I often wheel this picture out when I’m talking about measuring gauge, but the issue here was actually made worse because I used a different yarn weight to that given in the pattern. You can see that I tried to make it better on the black hat by making a smaller brim. It did not work!
I hope I’ve made the point!
How is yarn measured?
There are two main ways of measuring the ‘weight’ of yarn.
The one you will likely be most familiar with is the yarn weight categories, such as double knit or worsted, or a number, which you’ll see marked on most ball bands. But another, more traditional measurement is wraps per inch.
Whichever method you use, there is always going to be some variation within a class.
Yarn weights are on a spectrum, a continual scale of thin to thick. They don’t all sit neatly in the centre of an arbitrary category.
Fibre arts are not an exact science (probably why they are called arts!!!). This is a facet of the craft. It’s something to be embraced and incorporated. It’s also a reason to make the gauge swatch if you want something to fit!!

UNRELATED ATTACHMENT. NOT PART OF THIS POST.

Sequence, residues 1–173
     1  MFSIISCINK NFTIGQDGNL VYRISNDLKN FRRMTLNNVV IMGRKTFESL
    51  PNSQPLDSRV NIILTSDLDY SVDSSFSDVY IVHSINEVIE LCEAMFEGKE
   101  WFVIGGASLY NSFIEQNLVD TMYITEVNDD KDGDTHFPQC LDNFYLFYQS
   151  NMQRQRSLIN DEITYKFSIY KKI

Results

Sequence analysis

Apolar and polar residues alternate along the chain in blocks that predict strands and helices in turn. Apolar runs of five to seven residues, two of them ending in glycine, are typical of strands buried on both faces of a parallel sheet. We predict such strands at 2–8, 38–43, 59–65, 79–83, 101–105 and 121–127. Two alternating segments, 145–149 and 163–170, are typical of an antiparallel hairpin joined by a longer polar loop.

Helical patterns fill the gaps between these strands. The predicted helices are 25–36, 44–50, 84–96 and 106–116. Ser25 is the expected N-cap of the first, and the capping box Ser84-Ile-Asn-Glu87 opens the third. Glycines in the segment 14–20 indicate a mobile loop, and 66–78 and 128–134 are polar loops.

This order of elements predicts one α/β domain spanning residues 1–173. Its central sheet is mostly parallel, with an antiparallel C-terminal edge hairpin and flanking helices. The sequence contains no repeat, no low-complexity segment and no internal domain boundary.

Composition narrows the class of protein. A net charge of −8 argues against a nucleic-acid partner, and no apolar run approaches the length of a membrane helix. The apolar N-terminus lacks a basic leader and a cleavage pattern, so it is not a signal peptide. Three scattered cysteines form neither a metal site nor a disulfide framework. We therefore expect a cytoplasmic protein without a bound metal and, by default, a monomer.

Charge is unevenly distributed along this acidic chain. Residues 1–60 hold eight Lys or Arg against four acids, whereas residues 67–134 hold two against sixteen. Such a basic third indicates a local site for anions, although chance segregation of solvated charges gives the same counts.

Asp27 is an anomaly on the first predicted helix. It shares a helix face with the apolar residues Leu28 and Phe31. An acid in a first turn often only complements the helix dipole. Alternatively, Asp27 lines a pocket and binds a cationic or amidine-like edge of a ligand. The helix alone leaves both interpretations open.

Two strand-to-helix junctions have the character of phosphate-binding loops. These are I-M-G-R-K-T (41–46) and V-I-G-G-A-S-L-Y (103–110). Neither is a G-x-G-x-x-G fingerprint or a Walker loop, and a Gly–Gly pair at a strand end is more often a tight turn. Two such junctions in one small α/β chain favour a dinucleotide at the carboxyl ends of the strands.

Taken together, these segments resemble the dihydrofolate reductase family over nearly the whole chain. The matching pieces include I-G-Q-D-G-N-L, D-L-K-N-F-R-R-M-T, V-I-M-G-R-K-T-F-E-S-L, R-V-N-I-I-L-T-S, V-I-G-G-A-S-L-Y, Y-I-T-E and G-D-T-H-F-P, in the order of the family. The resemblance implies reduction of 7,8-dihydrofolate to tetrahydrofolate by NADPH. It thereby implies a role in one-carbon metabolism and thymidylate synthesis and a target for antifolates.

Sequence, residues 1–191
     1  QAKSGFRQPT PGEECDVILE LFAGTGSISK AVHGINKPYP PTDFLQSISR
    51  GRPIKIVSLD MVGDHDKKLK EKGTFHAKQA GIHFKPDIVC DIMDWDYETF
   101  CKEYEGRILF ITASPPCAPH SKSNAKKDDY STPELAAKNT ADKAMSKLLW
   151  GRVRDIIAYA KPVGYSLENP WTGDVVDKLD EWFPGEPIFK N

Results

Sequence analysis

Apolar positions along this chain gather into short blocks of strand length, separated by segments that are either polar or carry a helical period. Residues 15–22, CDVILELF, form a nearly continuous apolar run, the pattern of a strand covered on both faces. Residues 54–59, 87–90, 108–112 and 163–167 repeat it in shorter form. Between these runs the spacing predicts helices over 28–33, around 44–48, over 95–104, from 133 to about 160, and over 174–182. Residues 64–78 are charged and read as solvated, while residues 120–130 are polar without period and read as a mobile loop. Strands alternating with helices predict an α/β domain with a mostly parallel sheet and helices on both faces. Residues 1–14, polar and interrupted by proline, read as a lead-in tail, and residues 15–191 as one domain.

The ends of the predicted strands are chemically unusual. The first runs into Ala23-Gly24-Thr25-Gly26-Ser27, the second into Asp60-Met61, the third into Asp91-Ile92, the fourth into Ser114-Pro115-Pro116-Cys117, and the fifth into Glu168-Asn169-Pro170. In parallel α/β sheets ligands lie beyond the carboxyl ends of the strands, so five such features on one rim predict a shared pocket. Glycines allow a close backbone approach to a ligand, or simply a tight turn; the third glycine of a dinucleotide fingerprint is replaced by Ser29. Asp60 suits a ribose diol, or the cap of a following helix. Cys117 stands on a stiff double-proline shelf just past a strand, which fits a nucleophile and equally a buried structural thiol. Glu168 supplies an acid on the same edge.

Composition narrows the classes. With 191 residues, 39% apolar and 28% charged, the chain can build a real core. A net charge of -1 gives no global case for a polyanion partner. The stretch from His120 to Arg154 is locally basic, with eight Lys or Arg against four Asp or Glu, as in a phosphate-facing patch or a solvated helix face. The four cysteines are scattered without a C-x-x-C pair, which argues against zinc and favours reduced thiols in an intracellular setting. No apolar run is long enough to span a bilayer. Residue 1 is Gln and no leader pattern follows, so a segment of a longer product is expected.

Let’s take a look at these two measurement options in a bit more detail.
Measuring yarn in wraps per inch
Confession time. Until I started digging deep into research mode for this post, I had never heard of this measurement method before. Honestly, I think it’s more a knitters thing, but once I learned it, I realised it’s kind of cool!
If you don’t have a ball band to refer to, or the weight is not given on it, this method can be a great way to check your yarn weight. (And to compare two different yarns!)
The measurement given is just the number of times you can wrap your yarn around something (a knitting needle, pencil or aluminium crochet hook for example) over one inch. Hence the literal name wraps per inch.
If you keep scrolling to the chart below, You’ll see how the wraps per inch. measurement compares with the rest of the more familiar yarn weights.
The picture below demonstrates how it works using a Tunisian hook.
In this measurement, the strands of yarn should be laid flat next to each other, just touching but not squishing together.
I’ve used an old scrap of aran yarn in the image above and have 10 wraps in one inch (if my eyes didn’t cross and get it wrong). Check out the yarn weight table below to see if the system works!
If this is always measured manually you can see why you’re going to get some inconsistencies!
This is one of the reasons wraps per inch (or WPI) are often given in bands. So for example, 11-15 wpi would be equivalent to a double knit yarn.